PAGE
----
Thanksgiving bolstered me, not only with succulent fowl, but with family. My husband and I visited his folks in Pocatello, Idaho, and we had a fantastic time. The reason this is of note is everyone’s been edgy around holiday communiqué because we just elected the most contentious candidate of our lifetime. (Sure, I trick or treated at Nixon’s house, so there’s him, of course. And to satisfy your curiosity — Nixon handed out gold pens emblazoned with his name and autographs, which I quickly smeared with my finger checking for authenticity.)
When a group of both liberal and conservative people can get together and peacefully enjoy each other, we’re in good shape. I was concerned I would be crapping out not pushing my own agenda or something, but being real and authentic is also about being with the people you love and getting along.
And get along we did. The kids were adorable, as always. The one teen hung with the adults the whole time and scoffed that we didn’t already know to Google anything to which we might have a question. The little ones were sweet and affectionate and the 6-year-old kept cracking me up with his comedic timing and card tricks.
We climbed out past Brent’s parents’ fence, trekked through muddy spots and sage brush, and took family photos out in the wild field, as we haven’t before, yellow grasses swaying and mountains in the background. I want to use that as a metaphor for what we did for each other — venturing out past where we are usually comfortable — but I realized we were doing what we do: focusing on the time we have together.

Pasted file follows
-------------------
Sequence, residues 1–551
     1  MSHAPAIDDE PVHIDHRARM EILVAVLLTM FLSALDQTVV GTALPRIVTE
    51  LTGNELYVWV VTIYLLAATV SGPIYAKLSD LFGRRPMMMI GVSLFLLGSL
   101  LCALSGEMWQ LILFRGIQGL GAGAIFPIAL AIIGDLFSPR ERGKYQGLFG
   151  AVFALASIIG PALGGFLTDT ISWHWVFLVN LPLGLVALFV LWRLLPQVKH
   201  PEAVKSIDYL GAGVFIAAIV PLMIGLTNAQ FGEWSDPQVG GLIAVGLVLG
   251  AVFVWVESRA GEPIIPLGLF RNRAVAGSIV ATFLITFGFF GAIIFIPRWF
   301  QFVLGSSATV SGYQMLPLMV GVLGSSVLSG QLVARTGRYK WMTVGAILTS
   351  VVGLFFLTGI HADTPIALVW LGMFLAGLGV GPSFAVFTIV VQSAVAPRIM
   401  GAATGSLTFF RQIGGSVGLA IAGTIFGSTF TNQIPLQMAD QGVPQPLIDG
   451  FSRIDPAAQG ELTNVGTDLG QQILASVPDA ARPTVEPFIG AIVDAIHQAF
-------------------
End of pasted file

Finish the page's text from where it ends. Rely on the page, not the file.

Others haven’t been so lucky, though. A lot of families, from what I’ve heard (from mostly strangers), haven’t been willing to climb out past their fences. They’ve stayed firmly stuck, and have even built their fences higher, telling their daughters and sons who are in same sex-marriages not to attend the holidays, or to take the Clinton sticker off their car or don’t visit at all lest the neighbors think lower of the parents. Sad, fearful.
Choosing to draw stronger lines around their differences, these people are ensuring they incur more loss. It’s likely, being that stuffing down sadness means anger isn’t far behind, they’ll use that loss as an excuse to hate anything that doesn’t fit within the confines of their narrow psychological property. And all they’ll get is more loss. Choosing to care what a neighbor thinks over caring for a person you birthed seems woefully counter-intuitive. But I guess that’s what you get when you take pride in ignorance.
I feel so fortunate to have family that loves me and that I love right back. Whose natural state of being is to climb out with me and smile and put our faces into the wind and share. And put up with my strong opinions (which I kept to a minimum, because we’re all coming from a place of wanting more love for everyone). Luckily we all choose love.
Jenn Sutkowski is more ham than turkey. Find her pigging out and fowling up at jennsutkowski.com. (This byline is here because this Full Frontal column first appeared in the Newport Mercury.)
As above, so below. (Just as in, like, here I am reading what you just read.)
Oh, also, of course as I'm getting myself to the computer to post this and send out a newsletter with such heartfelt sentiment my husband is regaling me with a barrage of why he dislikes Christmas. Like, a lot. So, ebbs and flows, my friend. Ebbs and flows.
Feel bolstered this holiday season? Have a lovable humbug in your life? When life gives you humbugs, make humbug hamburger helper! Or something...
It's me, Jennifer Bernice (rhymes with "Furnace": it was my Granny's name) Sutkowski
• More details about my writing here.